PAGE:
So what I did was, I called in Miguel Verdugo – Mike Verdugo, who was head of what they called UMAS at that time – United Mexican American Students; and I called in Archie Chatman, who was head of the BSU, the Black Student Union. And I said, “You guys go out and find students – I don’t know how to find them.” [They asked,] “What are the criteria?” [I answered] “Bring them over, and we’ll see.” The interesting thing to me was, we brought kids in who were failing in the eleventh grade, and then all of a sudden got As and Bs in the twelfth. Their overall grade-point average wouldn’t have permitted them to get in here, but we saw something in them. They must have had a terrible eleventh grade year – you know, maybe trouble in their family, maybe a loss, maybe jail – who knows what? So we looked for people who showed some little glimmer of promise. And that first year we brought in 123 Blacks and Latinos – mostly Black students – all from Central LA, or Sylmar, or San Fernando.

On November 4, 1968, a group of black athletes and Black Student Union activists at SFVSC seized the sixth floor of the Administration Building seeking demands for educational reform and an end to perceived racism in the Athletic Department. Dr. Charnofsky was EOP Director at the time, and witnessed these events. A extensive account is given in John Broesamle’s book, Suddenly a Giant.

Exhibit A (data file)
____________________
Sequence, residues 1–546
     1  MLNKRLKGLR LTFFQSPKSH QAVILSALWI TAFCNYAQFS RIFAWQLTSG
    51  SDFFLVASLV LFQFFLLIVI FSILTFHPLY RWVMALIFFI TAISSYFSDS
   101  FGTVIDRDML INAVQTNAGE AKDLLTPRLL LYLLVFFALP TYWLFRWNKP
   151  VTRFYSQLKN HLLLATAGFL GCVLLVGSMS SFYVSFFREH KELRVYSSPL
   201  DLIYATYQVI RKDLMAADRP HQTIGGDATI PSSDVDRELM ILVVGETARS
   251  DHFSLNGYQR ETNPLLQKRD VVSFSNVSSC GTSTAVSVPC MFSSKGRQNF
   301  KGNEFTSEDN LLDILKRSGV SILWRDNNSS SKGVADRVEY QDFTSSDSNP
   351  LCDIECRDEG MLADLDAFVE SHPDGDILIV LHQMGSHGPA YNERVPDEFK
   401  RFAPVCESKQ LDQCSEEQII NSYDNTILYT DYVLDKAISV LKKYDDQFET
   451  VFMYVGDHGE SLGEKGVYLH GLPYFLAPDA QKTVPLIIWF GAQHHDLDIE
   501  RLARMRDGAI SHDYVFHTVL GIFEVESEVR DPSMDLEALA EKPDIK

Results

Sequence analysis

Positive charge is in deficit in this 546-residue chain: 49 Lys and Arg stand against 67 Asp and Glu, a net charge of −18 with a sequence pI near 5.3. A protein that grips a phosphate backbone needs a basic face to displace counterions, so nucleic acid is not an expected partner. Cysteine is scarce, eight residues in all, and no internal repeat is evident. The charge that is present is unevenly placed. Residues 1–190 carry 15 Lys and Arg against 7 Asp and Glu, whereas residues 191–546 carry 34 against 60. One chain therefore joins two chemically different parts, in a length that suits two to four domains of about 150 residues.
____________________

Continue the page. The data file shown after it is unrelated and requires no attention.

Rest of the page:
After the takeover in November of 1968, the campus was pretty disrupted for several weeks, and there were other incidents around the campus : they broke a door in the administration building at one protest, and there were other arrests made after that. But what happened was, they brought in ministers from South Central LA – Black ministers– they brought in Latino, Chicano men – and a couple of women too, I think– I don’t think Delores Huerta was around yet then – but Cesar Chavez’s people – people like that came in, and they all wanted to try to ameliorate the situation. “How can we get this to work? How can we have this thing work?”

The demonstrations were unfortunate, but sometimes power is the only– You show power is the only way you fight power. The power structure doesn’t give up power voluntarily, in any situation – very rarely. [It’s not] “Oh, you want something? We’ll give it to you.” You know– they’ve got to feel pressure. So that’s what happened. And I think the best thing was, we have a diverse campus. We have campus of diversity. My own Master’s program now – we have people from all over the world that come here. We have a lot of Muslims, we have middle-easterners, Israelis, Iranians, Iraqis, Russians, a lot of Armenians. We have people from all over, everywhere, that come to our program now. I know that’s not the cause and effect — but because we have an open campus, people are attracted to us. So we have a very diverse campus, which I really like.

DeWayne Johnson, founding Journalism faculty

DeWayne Johnson with Betsy Stelck (interviewer)
DeWayne Johnson with Betsy Stelck (interviewer)